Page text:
The Taiwanese Air Force could save a lot of money if it asked suppliers to bid on the jets’ upgrade, but the Ministry of National Defense seems to have only one supplier in mind
The Ministry of National Defense could be contravening a legislative directive if it does not request that the US government perform an open competition bidding process for suppliers involved in upgrading its fleet of 146 F-16A/Bs.
In a meeting on Oct. 12 attended by legislators from the Foreign Affairs and Defense Committee, Minister of National Defense Kao Hua-chu (高華柱) and a representative from the Directorate-General of Budget, Accounting and Statistics, the legislature stipulated that to ensure the proper use of government public resources, the ministry’s Letter of Agreement for the upgrade package for the F-16A/Bs “shall not specify any supplier and shall request the US team to perform open competition.”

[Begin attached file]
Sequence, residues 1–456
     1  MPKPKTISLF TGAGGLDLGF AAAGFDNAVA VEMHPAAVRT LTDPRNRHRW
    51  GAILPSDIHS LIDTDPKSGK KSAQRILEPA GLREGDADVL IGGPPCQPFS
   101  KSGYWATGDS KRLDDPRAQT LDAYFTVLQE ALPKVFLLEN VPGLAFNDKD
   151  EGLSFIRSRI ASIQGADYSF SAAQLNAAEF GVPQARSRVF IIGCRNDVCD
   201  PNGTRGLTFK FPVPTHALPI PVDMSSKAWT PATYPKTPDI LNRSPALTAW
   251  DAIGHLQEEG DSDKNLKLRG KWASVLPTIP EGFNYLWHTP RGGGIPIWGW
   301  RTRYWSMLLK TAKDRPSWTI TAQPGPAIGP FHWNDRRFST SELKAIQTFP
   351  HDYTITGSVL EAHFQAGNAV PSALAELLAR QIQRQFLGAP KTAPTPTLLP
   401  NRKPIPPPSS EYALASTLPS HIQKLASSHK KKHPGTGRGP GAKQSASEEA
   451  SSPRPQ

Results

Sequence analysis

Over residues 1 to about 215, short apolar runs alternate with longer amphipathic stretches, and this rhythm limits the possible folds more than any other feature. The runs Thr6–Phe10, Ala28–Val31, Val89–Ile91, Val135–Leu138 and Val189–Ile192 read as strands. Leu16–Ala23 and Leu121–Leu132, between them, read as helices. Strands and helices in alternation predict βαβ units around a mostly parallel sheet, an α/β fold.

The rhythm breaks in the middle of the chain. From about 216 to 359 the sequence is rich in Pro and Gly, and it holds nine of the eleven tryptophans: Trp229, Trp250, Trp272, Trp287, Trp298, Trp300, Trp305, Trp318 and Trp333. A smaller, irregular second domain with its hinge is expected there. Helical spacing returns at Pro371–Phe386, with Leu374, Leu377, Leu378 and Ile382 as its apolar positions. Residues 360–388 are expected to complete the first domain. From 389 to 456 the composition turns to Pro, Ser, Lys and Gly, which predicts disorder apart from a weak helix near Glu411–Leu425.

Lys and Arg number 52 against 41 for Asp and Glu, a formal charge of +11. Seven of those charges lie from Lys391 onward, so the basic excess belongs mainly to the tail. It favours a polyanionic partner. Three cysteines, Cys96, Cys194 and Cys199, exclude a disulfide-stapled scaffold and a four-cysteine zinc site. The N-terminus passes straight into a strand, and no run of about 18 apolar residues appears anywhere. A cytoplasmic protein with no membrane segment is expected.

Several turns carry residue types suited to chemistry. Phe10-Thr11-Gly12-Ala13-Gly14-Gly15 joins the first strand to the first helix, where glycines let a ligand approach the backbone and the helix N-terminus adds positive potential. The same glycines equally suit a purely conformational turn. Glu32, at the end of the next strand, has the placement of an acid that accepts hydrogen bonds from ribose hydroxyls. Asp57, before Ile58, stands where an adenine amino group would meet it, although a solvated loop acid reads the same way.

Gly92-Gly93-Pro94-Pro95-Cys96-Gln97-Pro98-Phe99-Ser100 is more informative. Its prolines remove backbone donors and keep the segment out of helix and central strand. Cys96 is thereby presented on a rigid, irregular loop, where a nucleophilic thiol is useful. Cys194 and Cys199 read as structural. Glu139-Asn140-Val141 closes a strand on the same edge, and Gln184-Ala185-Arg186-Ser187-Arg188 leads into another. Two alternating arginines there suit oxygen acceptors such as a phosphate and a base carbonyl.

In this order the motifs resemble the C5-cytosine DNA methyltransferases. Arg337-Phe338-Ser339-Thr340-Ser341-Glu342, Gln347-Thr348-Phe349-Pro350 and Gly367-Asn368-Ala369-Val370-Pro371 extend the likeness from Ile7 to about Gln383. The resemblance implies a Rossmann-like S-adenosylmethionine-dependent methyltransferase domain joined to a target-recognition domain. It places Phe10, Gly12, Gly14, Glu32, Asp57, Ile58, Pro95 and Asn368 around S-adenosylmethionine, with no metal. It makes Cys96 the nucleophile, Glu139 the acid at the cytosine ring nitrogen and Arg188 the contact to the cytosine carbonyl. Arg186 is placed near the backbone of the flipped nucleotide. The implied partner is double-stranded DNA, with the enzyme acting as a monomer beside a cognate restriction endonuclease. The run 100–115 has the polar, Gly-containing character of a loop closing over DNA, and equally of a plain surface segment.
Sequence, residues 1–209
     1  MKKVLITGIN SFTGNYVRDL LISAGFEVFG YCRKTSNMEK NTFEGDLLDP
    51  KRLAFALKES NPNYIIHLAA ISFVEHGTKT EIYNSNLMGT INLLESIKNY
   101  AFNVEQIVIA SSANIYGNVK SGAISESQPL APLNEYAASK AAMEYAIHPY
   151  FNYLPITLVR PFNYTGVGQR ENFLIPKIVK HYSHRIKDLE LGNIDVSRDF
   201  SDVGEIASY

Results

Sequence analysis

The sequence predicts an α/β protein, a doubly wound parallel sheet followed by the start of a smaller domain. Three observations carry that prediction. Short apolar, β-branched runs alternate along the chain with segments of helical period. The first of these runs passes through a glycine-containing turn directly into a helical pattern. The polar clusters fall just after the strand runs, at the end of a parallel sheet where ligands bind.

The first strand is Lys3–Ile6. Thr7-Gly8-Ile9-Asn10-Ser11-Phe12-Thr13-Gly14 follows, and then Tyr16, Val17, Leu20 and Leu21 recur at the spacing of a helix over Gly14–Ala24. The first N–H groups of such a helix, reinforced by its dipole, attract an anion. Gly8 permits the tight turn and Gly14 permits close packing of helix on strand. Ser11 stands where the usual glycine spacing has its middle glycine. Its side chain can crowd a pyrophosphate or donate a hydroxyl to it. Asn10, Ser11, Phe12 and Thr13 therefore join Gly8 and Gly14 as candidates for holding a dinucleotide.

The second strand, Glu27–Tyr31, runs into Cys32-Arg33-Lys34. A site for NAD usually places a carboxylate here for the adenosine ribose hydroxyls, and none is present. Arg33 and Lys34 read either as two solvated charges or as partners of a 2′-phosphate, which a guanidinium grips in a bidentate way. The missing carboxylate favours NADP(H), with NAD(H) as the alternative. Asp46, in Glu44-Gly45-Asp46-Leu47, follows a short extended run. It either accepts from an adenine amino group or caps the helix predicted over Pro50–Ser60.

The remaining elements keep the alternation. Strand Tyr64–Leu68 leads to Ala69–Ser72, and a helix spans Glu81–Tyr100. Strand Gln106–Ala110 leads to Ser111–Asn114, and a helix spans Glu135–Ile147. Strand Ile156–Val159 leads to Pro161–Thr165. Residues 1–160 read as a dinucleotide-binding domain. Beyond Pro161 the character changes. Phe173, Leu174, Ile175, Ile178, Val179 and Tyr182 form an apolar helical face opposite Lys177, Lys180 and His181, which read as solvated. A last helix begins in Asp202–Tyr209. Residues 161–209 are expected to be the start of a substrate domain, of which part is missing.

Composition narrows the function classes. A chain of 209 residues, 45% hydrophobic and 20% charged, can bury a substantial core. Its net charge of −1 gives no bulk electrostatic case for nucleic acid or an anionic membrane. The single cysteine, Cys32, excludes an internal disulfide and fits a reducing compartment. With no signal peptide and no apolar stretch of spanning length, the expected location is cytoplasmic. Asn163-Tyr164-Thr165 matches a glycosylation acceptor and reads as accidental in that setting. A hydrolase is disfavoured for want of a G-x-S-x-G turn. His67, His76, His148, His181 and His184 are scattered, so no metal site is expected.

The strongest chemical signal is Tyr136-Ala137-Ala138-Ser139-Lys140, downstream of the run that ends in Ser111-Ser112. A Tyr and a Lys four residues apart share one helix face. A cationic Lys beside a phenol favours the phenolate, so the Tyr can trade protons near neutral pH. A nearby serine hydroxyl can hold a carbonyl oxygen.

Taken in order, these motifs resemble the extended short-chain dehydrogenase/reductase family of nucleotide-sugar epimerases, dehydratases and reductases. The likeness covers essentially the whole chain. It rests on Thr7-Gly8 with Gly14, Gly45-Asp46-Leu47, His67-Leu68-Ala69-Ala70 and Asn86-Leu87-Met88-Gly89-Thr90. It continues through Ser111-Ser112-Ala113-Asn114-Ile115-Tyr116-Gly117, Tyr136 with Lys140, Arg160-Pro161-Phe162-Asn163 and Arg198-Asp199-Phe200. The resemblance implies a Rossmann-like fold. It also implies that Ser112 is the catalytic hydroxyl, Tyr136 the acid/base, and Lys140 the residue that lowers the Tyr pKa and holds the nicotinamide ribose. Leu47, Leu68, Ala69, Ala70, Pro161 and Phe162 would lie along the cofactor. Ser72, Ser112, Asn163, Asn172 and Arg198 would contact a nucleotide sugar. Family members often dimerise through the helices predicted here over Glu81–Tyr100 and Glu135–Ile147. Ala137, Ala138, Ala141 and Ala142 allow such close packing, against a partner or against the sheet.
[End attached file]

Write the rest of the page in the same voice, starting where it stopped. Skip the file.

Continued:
Despite this directive, the ministry appears to have only one supplier in mind — Lockheed Martin Corp — and does not seem to have asked the US to facilitate competitive bids for avionics and weapons systems integration.
This comes as Lockheed Martin is locked in competition with BAE Systems over a program for avionics upgrades and weapons systems integration for 135 KF-16C/Ds for the South Korean air force (ROKAF) worth about US$1 billion.
My article, published today in the Taipei Times, continues here.